Review of The Pillars of Hercules by David Constantine

Title: The Pillars of Hercules
Author: 
David J. Williams writing as David Constantine
Published: 
06 March 2012
Publisher:
 
Night Shade Books
Genre:
 mythology, historical, steampunk, alternate history
Source: 
eARC from the publisher via NetGalley
Rating: 3/10

Alexander of Macedonia has just taken over Egypt, a province of the powerful Athenian Empire. His conquest marks the beginning of his campaign to crush the Empire as a whole. He believes himself to be a god, the son of Zeus, and it seems like nothing will stand in his way. Everyone speaks of the sorcery that Alexander has at his command – Greek fire, deadly war machines designed by his former tutor, Aristotle, as well as the seemingly god-like ability to control the weather. And Alexander isn’t just planning to conquer the Athenian Empire. Beyond the Pillars of Hercules – the gateway to the outer ocean – lies the lost city of Atlantis and powerful artefacts of the ancients. If Alexander can get control of such secrets, he won’t stop at conquering the Athenian Empire – he’ll aim for world domination.

Helping the ambitious prince is his ever-loyal lieutenant Eumenes, and experienced generals like Perdiccas. Many are trying to stop him or take the treasures of Atlantis for themselves. Alexander’s cold-hearted father, Philip, has sent his bastard son Ptolemy to thwart the legitimate son who wants to rule the Macedonian Empire. Barsine, a Persian noblewoman, holds a deep grudge against Alexander for conquering her homeland, and possesses the means to undermine his goals. She recruits a pair of soldiers to help her – a Gaul named Lugorix who wields an axe he calls Skullseeker, and a Greek archer named Matthias. The Athenian commander Leonidas is determined to save his Empire from slaughter as he pits his forces against Alexander’s.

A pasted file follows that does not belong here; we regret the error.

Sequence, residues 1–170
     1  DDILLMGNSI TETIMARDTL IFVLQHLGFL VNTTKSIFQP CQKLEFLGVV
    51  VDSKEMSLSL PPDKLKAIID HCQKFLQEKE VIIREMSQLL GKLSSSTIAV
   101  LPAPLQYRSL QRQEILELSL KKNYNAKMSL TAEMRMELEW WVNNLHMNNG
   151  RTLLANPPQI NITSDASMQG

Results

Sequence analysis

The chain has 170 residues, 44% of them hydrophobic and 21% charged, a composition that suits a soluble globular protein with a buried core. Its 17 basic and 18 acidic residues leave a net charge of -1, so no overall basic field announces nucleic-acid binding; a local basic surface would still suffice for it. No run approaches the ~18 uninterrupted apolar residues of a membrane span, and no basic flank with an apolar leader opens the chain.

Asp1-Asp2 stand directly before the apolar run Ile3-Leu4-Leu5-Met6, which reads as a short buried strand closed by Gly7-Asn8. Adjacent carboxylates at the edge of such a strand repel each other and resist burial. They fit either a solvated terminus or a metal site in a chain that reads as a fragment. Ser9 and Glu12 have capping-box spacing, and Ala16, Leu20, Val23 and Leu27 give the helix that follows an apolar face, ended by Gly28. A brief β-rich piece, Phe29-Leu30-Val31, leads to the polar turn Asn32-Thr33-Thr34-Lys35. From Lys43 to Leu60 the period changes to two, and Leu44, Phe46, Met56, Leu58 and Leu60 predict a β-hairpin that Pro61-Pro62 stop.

These intertwined narratives clash in battles of blood and flame, with swords, axes and battleships going up against automatons, gunpowder and siege engines. Myth and magic are intertwined with science, in a novel that combines steampunk, alternate history, mythology and the ancient world.

It’s a pretty weird genre mash-up, but it sounded like an interesting idea. Unfortunately it failed. Miserably.

I don’t know what to start with, so I’ll start at the beginning, when I had hope. I generally liked the characters, of which there are many. Too many, I eventually realised. The story is made up of multiple strands, and the author, David J. Williams writing as David Constantine, frequently adds or removes POVs from the narrative, even towards the end (it’s really irritating). Not all the characters are likeable and some – like Alexander – could have been fleshed out more, but the narrators were interesting enough. Although I could handle the large cast of characters however, I was struggling to get a grasp on the politics and military strategy, simply because I have no head for that stuff and my mind tends to wander. To make things easier, I clicked over to the Wikipedia entry on Alexander the Great in order to get a better idea of what was going on. Instead I found that Constantine had little interest in historical accuracy and an article on Alexander wasn’t going to help much, except to confirm that some of the major character really did exist.

According to his website for the novel, Constantine’s intention was, in part, to explore the question of what might have happened had Alexander gone west, rather than east. In Pillars of the Earth, Alexander doesn’t die in Babylon as the history books tell us, but conquered it and continued east to Afghanistan. It’s there that he receives an order from his father to come home, so he turns around and returns to Pella, Macedonia, attacking Egypt on the way. This brings me to another major historical difference – at this point in Alexander’s life, his father had been dead for over a decade, and he was already King of Macedonia. Here, however, his father is alive and the two are caught in a power struggle for the throne. Philip is king, but Alexander’s army is more powerful, and their relationship has always been tense at best.

Alexander’s mother Olympias is long dead, although in reality she outlived both her husband and son. I was a bit miffed about her absence. Other than Alexander, she was the one character I wanted to see – the woman who claimed she’d been impregnated by Zeus and given birth to a god. I would have loved to see her interactions with Alexander, convincing him of his divinity. Instead, Constantine killed her off in favour of a more mundane father-son conflict.